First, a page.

BRASILIA - A former Marxist guerrilla who was tortured and imprisoned during Brazil's long dictatorship was elected Sunday as president of Latin America's biggest nation, a country in the midst of an economic and political rise.
A statement from the Supreme Electoral Court, which oversees elections, said governing party candidate Dilma Rousseff won the election. When she takes office January 1, she will be Brazil's first female leader.
With 99 percent of the ballots counted, Rousseff had 55.6 percent compared to 44.4 percent for her centrist rival, Jose Serra, the electoral court said.
"I'm very happy. I want to thank all Brazilians for this moment and I promise to honor the trust they have shown me," Rousseff told reporters who swarmed a car carrying her in Brasilia, her first public words as president-elect.
Rousseff, the hand-chosen candidate of wildly popular President Luiz Inacio Lula da Silva, won by cementing her image to Silva's, whose policies she promised to continue.
She will lead a nation on the rise, a country that will host the 2014 World Cup and that is expected to be the globe's fifth-largest economy by the time it hosts the 2016 Summer Olympics. It has also recently discovered huge oil reserves off its coast.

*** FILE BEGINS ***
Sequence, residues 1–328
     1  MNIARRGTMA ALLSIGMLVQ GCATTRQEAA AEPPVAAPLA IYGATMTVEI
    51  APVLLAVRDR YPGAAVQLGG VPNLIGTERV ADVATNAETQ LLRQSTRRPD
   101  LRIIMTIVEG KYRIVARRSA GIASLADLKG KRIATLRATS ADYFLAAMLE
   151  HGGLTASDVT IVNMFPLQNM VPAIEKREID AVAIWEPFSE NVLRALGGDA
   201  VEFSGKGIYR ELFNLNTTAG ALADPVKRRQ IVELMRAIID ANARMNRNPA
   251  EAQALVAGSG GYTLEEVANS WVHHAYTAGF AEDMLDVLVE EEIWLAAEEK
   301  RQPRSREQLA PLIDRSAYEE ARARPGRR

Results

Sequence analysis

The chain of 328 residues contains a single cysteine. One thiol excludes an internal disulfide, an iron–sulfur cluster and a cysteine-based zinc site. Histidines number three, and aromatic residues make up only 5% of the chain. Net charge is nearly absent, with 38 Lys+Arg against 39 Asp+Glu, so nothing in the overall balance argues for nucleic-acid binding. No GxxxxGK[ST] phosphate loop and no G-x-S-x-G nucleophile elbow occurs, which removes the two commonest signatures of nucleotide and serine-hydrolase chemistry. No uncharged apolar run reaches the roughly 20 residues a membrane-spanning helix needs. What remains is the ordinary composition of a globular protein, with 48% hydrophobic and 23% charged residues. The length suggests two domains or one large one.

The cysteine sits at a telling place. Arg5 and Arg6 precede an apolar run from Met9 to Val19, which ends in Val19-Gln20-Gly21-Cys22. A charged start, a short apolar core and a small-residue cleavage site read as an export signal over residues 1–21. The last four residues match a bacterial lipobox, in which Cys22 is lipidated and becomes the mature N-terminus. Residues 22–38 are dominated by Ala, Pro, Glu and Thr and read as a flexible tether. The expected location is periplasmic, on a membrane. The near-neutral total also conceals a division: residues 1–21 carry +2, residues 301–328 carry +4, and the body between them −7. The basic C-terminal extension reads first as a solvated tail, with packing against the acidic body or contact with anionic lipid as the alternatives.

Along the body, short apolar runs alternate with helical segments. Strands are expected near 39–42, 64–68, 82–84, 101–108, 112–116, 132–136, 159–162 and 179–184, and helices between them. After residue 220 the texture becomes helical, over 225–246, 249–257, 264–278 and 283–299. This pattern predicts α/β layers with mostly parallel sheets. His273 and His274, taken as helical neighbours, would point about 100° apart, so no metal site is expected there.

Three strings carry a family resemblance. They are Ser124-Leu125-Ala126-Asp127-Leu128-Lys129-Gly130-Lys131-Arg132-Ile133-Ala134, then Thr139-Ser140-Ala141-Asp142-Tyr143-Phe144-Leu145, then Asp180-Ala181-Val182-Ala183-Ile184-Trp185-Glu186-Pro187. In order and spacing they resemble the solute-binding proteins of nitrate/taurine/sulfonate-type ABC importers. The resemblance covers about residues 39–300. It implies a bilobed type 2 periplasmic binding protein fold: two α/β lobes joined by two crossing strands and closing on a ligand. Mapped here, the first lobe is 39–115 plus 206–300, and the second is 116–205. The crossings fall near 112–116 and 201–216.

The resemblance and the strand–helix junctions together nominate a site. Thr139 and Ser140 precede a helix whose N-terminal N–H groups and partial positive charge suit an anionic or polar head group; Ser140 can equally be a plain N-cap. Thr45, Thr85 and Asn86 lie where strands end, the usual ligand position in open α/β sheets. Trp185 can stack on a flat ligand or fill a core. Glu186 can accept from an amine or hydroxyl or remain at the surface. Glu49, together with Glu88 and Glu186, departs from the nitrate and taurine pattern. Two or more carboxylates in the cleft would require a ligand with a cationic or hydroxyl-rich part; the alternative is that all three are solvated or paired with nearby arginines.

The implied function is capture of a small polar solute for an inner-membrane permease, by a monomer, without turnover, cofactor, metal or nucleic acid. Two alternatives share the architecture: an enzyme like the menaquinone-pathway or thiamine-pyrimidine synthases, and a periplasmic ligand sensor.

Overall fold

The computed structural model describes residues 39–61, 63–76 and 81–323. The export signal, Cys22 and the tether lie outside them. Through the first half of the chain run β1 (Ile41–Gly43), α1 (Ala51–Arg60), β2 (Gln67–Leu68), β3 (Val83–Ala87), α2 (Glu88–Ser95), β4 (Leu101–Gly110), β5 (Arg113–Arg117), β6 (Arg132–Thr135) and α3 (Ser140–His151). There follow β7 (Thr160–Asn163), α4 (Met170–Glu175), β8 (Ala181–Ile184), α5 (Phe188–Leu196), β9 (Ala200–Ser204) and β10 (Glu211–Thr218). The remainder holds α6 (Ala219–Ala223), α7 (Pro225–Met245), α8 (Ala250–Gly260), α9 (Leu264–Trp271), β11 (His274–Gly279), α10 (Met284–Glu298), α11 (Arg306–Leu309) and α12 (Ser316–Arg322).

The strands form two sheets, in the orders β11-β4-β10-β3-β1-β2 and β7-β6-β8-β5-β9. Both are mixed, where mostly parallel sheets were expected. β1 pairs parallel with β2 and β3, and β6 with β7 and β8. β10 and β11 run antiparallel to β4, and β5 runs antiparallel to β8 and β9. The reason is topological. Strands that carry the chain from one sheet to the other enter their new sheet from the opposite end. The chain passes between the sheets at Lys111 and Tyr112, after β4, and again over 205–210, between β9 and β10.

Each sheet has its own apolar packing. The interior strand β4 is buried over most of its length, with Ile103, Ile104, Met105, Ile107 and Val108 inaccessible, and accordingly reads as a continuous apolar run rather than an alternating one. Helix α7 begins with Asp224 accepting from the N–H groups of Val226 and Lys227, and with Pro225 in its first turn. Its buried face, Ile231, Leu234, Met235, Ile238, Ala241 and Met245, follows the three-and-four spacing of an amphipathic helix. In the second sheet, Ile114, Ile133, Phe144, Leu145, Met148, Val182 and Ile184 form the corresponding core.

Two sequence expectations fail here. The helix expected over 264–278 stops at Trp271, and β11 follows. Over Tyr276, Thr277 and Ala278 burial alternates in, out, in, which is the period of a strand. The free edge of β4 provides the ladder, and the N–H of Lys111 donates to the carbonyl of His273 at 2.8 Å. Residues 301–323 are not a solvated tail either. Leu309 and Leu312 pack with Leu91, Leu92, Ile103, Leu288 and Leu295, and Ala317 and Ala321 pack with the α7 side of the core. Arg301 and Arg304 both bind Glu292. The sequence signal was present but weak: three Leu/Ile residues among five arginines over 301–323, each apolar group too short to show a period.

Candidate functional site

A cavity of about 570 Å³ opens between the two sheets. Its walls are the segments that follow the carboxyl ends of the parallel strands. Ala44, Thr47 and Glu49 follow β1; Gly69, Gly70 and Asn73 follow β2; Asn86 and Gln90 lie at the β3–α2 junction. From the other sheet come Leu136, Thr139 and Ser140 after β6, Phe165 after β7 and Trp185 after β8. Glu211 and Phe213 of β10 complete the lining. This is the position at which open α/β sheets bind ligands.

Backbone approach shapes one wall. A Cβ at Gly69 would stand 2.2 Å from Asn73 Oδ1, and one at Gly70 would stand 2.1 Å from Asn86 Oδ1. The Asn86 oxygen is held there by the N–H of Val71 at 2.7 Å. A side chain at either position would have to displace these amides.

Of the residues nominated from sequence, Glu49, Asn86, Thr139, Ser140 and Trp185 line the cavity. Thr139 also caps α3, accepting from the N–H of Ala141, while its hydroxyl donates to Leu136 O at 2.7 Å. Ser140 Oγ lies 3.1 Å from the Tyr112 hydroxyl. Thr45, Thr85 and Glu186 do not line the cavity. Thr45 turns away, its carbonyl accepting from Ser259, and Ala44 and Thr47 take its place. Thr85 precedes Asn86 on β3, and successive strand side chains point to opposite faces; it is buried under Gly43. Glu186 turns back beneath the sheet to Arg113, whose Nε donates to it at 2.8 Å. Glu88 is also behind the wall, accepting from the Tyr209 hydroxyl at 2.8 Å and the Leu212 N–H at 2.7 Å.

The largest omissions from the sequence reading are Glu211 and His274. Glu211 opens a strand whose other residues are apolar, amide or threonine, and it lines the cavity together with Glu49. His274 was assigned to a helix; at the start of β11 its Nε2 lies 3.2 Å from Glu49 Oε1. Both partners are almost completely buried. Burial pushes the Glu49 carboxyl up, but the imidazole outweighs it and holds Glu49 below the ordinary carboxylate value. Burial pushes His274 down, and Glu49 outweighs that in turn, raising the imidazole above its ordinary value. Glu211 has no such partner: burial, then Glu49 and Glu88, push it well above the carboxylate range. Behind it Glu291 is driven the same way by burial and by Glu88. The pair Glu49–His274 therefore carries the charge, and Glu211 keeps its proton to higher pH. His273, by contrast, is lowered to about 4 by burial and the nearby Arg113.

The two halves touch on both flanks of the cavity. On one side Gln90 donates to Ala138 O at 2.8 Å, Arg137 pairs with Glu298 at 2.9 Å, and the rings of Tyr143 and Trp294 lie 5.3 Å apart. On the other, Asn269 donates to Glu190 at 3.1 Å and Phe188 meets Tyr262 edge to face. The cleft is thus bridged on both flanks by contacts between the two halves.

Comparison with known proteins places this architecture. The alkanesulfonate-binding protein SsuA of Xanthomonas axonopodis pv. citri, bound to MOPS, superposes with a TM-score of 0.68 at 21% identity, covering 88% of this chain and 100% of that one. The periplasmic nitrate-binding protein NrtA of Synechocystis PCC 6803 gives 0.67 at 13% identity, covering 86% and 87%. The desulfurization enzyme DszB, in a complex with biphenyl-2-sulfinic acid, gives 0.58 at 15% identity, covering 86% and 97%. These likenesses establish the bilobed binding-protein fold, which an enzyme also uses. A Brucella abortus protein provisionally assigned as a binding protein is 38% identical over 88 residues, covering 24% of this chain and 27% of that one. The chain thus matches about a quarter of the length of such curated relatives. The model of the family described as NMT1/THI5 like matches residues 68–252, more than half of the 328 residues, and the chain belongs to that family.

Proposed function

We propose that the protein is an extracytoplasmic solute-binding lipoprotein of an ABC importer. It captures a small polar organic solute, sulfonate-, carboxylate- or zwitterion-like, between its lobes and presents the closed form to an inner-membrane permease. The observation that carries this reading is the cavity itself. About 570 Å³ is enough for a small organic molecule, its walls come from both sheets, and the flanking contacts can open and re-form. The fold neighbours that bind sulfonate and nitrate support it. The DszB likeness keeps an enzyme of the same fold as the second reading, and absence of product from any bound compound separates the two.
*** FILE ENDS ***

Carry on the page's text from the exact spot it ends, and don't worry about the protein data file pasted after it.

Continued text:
"I voted for Dilma because she is a fighter," said Estevam Sanches, a 43-year-old pizza parlor owner in Sao Paulo. "What we need is a fighter in the presidency to continue, as she says she will, with Lula's efforts to eradicate poverty and strengthen the economy."
Rousseff, 62, is considered the main manager of President Luiz Inacio Lula da Silva's government.
She was born in Minas Gerais state and had a strong trajectory against the military dictatorship of 1964-1985 and at the public service in order to make it democratic at the end of the dictatorship.
She is the daughter of a Bulgarian immigrant father, a lawyer who died when she was 14, and a Brazilian mother who was a schoolteacher. Her past points to an early political awakening.
In 1967, as a 19-year-old economics student, she joined a militant political group opposing the dictatorship. For three years she helped lead guerrilla organizations, instructed comrades on Marxist theory and wrote for an underground newspaper.
She joined the PT in 2001 and was Energy Minister during the first term of Lula since 2003. Later in June 2005 she was appointed chief of staff of Cabinet.
The president-elect will be inaugurated in on January 1, 2011.